MUSIC REVIEW: Neil Diamond


MUSIC REVIEW: Neil Diamond

BY MELISSA RUGGIERI
TIMES-DISPATCH STAFF WRITER Nov 17, 2005

Neil Diamond

Title: “12 Songs”
Label: Columbia
Highlights: “Hell Yeah,” “Captain of a Shipwreck,” “Evermore,” “Delirious Love” (with Brian Wilson)
Grade: A-

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Don’t ever question Neil Diamond’s songwriting. His borderline-hideous live shows that overflow with sequins and shtick, however, are a different story.

But no matter the image Diamond has cultivated — the hammy patriot (“America”), the charming rogue (“Solitary Man”) or the sappy adult-contemporary icon (“Heartlight,” “You Don’t Bring Me Flowers”) — there is always an unfussy melody buried under even the biggest hunk of cheese.

The brilliance of “12 Songs” is that it showcases Diamond holding nothing but those minimal arrangements. Strings are sparse and tasteful. Firmly strummed acoustic guitars create the songs’ primary backdrop, with other organic instrumentation (piano, organ and upright bass) providing the shading. His lyrics hint at mortality and love both elusive and everlasting but aren’t bogged down with a sense of impending doom.

All of that can be credited to producer Rick Rubin, who extracted the soul of Johnny Cash in a similar manner in the mid-’90s. Diamond mentions in his liner notes that Rubin relished his role as editor, pushing Diamond to write more and trimming the fat with little fear of the legend in his studio.

The results are stunning, but you have to wonder what audience Diamond has in mind with this record. The middle-aged women who alternate between him and Barry Manilow are more interested in storybook romance than the rugged reminiscing of “Hell Yeah,” and fans of his slick radio fodder will find nothing to sing along with until “We,” the album’s jaunty closer that overflows with dangerously silly lyrics (“It’s not about you and it’s not about me. Love is all about we”).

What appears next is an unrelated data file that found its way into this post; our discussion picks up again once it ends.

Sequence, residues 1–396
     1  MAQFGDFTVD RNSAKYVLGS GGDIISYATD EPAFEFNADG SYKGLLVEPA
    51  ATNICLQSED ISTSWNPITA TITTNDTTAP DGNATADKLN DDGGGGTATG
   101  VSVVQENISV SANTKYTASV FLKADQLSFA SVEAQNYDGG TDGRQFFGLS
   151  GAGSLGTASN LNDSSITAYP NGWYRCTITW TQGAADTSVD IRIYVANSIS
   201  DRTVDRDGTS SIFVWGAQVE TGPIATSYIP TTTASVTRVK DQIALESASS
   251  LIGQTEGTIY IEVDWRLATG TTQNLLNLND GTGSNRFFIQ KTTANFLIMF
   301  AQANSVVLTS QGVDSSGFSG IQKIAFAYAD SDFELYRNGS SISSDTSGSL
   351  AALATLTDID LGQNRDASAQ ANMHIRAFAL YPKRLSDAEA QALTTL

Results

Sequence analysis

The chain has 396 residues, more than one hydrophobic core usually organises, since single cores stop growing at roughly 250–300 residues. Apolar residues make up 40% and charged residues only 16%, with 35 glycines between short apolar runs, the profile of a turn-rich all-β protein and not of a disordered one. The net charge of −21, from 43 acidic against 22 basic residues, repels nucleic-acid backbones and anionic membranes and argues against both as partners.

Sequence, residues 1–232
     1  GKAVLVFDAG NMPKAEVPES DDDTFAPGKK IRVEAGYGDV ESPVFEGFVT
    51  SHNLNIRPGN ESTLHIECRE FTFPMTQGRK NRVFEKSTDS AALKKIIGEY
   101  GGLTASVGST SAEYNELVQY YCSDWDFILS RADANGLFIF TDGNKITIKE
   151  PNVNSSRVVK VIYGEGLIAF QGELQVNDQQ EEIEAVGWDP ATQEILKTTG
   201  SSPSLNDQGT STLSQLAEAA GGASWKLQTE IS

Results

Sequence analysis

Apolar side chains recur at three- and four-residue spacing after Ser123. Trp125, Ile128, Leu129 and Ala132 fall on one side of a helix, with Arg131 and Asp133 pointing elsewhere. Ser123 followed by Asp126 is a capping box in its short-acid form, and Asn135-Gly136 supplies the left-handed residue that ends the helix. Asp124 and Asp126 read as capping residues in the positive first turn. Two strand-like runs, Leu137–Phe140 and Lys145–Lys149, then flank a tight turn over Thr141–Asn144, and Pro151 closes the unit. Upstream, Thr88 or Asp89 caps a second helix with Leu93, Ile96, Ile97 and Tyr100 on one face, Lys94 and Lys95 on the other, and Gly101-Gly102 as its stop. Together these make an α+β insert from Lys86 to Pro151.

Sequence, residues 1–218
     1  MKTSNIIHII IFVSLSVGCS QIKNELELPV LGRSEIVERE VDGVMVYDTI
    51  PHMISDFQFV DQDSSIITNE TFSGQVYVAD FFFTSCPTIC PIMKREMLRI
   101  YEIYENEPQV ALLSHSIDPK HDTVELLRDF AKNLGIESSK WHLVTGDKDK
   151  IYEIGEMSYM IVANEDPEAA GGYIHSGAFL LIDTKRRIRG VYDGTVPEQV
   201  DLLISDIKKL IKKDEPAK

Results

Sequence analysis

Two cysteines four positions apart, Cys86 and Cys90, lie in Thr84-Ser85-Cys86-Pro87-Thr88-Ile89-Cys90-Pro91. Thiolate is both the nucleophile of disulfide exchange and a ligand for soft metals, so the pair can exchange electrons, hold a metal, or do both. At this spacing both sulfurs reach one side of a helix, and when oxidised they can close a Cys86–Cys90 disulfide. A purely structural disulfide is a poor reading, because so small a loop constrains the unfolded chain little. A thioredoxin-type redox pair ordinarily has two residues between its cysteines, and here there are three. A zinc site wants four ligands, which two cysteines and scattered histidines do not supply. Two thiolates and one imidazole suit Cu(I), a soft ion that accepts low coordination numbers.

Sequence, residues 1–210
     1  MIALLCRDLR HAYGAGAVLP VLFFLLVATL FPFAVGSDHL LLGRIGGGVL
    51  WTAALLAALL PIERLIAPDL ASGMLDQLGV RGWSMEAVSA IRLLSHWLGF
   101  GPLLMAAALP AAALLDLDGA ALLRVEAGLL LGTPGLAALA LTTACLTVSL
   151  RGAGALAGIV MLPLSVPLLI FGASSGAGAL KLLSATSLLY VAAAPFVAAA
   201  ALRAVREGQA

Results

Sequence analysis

This album also marks Diamond’s first intensive songwriting since 2001’s “Three Chord Opera,” itself a landmark as Diamond’s first all-original album in 27 years. But where that one spotlighted Diamond’s rustiness, “12 Songs” revels in his fully intact capabilities. The special-edition version includes two more tracks, including a second take on “Delirious Love” with Brian Wilson providing his signature high harmonies — a perfect mesh with Diamond’s gruffness.

But before you buy this, be warned: To listen to the CD on a computer, you are forced to download a program from Sony Music that can potentially harm your hard drive. Downloading the songs onto an MP3 player is also impossible with this technology — because you just know Diamond’s core audience plans to rush to their keyboards and illegally spread these songs online.

Some fans are organizing a boycott of the album. In this case, that is truly a shame because “12 Songs” is one of the most worthwhile experiences of the year.

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Each new release is graded from A (the best) to F (try again).

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